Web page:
100 Books - Part 4
57. The Turn of the Screw (and other stories) – Henry James – this author is a sinister MF!
58. Hot Blood – I’ve read every bit of this series that I could get my greedy little hands on. These short stories combine sex and horror. Some are disgusting, some gruesome, some really scary, some funny, all good!
59. The Yellow Wallpaper – Charlotte Perkins Gilman – This is a short story sold as a book, so maybe this one doesn't actually count as a whole book. But the story was so intense, it's stuck with me all these years. This woman at the turn of the century (1800 to 1900) is told she is “hysterical”. Basically, everyone keeps telling her she’s insane and eventually it drives her… insane. It’s a disturbing look at how women were discounted and ignored.
60. Different Seasons – Stephen King – I know, I know, “Again with the Stephen King!” This was, as far as I know, his first foray into something not scary. It’s 4 novellas and three of them were eventually made into movies – Shawshank Redemption (awesome!), Stand By Me (fantastic! Different title from the story in the book) and Apt Pupil (story was creepy and perfect, movie sucked)
61. Dark Visions – a collection of spooky stories from some pretty big name writers
62. Under the Fang – This collection has a really great concept. The editor asked a bunch of different authors to write stories based on this premise: What if vampires ruled the world? The different points of views are very interesting. Great stories!
63. Phantom – Susan Kay – Top 5 All-Time Favorites. I actually am lucky enough to have a friend who saw a first edition of this and snagged it for me because he knew how much I liked it. It changes point of view throughout the book from character to character. And such depth of character is hard to find.
64. The Ha-Ha – Dave King – this is one of my most recent reads. I read on a blog-friend’s site about it. She couldn’t describe the plot (neither can I) only how much the book moved her. It’s the first book I’ve ever read that I knew nothing about beforehand. Get it. Today.
65. Poison – Kathryn Harrison – another hard one to describe, plot-wise. A woman is in the dungeon in Spain, through a series of events brought around by the Spanish Inquisition. Another woman is the new and very young, queen of Spain. I kept waiting for their lives to intersect but they never did. I guess the main point was that through no fault of their own, they were prisoners. It was good enough that I went and bought all Kathryn Harrison’s books!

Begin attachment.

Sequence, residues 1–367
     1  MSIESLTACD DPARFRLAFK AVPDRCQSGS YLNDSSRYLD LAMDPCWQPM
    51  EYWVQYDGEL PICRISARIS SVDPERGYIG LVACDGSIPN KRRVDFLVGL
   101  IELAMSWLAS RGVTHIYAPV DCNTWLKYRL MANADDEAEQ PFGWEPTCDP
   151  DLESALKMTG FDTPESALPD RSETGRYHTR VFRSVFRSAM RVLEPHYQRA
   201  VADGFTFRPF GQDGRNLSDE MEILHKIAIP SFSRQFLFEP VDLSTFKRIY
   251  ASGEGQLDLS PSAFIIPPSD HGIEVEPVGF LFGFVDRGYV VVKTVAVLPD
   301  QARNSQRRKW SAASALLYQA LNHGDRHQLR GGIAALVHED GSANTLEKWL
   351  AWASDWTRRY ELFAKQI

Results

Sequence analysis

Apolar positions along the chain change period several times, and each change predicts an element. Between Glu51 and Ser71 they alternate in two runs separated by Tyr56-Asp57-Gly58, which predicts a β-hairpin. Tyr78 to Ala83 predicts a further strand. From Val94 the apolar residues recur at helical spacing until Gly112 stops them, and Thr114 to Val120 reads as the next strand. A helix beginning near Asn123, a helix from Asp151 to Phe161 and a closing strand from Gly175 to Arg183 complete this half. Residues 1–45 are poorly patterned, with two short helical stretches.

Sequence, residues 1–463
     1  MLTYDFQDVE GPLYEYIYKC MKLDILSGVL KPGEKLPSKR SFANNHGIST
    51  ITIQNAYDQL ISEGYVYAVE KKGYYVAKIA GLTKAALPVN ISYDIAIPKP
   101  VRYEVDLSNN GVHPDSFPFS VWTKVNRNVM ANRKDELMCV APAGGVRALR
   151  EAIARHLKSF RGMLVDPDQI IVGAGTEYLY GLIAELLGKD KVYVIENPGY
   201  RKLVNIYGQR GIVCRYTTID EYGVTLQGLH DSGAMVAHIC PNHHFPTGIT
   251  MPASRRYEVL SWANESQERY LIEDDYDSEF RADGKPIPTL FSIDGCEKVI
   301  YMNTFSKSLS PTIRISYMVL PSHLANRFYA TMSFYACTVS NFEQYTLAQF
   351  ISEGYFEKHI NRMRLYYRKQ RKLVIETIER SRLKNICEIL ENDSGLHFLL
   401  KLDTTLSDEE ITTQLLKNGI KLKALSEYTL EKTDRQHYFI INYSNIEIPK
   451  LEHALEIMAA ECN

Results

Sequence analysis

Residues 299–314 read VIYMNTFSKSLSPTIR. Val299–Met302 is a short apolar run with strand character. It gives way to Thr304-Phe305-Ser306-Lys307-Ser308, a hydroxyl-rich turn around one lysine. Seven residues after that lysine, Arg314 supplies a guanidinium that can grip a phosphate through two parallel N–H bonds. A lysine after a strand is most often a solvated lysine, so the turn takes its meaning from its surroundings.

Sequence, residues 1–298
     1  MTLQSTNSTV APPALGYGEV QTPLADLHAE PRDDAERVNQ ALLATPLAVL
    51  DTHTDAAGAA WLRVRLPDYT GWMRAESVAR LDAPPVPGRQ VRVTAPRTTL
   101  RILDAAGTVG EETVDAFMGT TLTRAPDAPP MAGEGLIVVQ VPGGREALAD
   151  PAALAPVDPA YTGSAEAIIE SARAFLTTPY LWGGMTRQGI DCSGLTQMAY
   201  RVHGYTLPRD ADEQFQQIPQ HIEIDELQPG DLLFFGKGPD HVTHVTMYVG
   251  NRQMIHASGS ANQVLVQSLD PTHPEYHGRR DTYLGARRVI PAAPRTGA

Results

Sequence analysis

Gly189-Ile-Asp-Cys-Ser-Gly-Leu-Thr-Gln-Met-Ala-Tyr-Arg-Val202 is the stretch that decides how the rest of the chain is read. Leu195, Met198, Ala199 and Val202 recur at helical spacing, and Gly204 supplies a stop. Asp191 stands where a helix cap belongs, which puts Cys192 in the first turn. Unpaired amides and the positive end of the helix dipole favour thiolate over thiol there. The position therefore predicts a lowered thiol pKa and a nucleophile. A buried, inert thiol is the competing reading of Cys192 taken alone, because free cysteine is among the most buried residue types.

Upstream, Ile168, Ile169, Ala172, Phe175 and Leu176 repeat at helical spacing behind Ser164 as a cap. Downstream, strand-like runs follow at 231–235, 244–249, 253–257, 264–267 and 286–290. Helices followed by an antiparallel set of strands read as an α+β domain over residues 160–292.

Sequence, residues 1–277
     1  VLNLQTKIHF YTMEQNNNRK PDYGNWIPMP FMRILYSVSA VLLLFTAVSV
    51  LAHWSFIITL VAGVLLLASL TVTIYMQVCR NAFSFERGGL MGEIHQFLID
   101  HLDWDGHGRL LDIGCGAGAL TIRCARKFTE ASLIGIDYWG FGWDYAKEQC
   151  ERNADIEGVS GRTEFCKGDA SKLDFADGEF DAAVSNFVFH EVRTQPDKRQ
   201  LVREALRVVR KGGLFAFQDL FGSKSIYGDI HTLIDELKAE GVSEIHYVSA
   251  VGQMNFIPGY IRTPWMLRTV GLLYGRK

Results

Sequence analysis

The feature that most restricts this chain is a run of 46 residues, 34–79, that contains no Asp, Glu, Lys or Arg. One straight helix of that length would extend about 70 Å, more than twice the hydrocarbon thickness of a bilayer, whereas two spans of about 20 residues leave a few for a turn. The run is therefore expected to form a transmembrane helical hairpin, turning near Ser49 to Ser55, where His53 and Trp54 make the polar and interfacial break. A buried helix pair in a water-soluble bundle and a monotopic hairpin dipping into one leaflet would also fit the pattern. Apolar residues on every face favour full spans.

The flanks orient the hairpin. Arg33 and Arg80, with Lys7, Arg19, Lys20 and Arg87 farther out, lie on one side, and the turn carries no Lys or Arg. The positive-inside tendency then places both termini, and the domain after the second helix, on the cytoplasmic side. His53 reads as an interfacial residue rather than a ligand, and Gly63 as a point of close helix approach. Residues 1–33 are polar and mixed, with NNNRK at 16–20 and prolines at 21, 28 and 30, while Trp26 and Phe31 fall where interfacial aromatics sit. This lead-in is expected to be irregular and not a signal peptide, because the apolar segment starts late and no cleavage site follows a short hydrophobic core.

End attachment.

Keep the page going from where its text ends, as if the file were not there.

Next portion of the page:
66. The Joy Luck Club – Amy Tan – love Ms. Tan. She nails the dynamic between mother and daughter, past and present like no one else.
67. The Kitchen God’s Wife – Amy Tan – see #66. I think I like this one best out of all I’ve read of Amy Tan.
68. The Lovely Bones – Alice Sebold – goddamn this was hard to read. This girl gets killed (I’m not spoiling anything here, it happens pretty early) and tells the story from heaven as she watches how her family deals with her death. By page 70, I’d already cried 4 times. This is not one to read too soon after having a baby, just sayin’. But I adore the author’s version of heaven.
69. Memoirs of a Geisha – Arthur Golden – This book is so beautifully written. It was so real, it read like non-fiction. I couldn’t believe this was written by a man (no offense). Stunning.
70. The Red Tent – Anita Diamant – Also beautifully written. With the first paragraph, you just sigh and give in and are happy to be there. It’s funny and painful and enormously moving.
71. The Ya-Ya Sisterhood – A touching, lovely, light read.
72. A Handmaid’s Tale – Margaret Atwood – Some scary shit. Another one where you can see how easily this fictitious world could become real. And how unfortunate that it DID become real (read #86 after you read this one)
73. Wicked – Gregory MacGuire – I bought this book because I thought it was going to be a parody of sorts. The cover mentioned something about it being The Wizard of Oz from the witch’s point of view. Not parody. At. All. It’s a whole socio-political landscape of Oz. And yes, primarily from the Witch’s point of view. So. Good!
74. Gone With the Wind – Margaret Mitchell – I pulled this one off the shelf so many times, looked at how thick it was… and put it back. When I finally started reading it, by page 36 I was completely hooked. What a fantastic read. Don’t bother with the “sequel”, Scarlett. It was written by someone else using Margaret Mitchell’s notes. It sucked ASS! And the ending – WTF?? It seemed like the author’s deadline sneaked up on her because she finally has all these really great plot-lines going and she just kills everyone off and then Scarlett and Rhett ride off into the sunset. I know that’s a spoiler but, trust me, I’m doing you a favor.
75. Fried Green Tomatoes – One of the few books I read after I saw the movie. Fantastic!
76. Black and Blue – Anna Quindlen – Great story of strength and survival.
The last of these tomorrow, Ruth!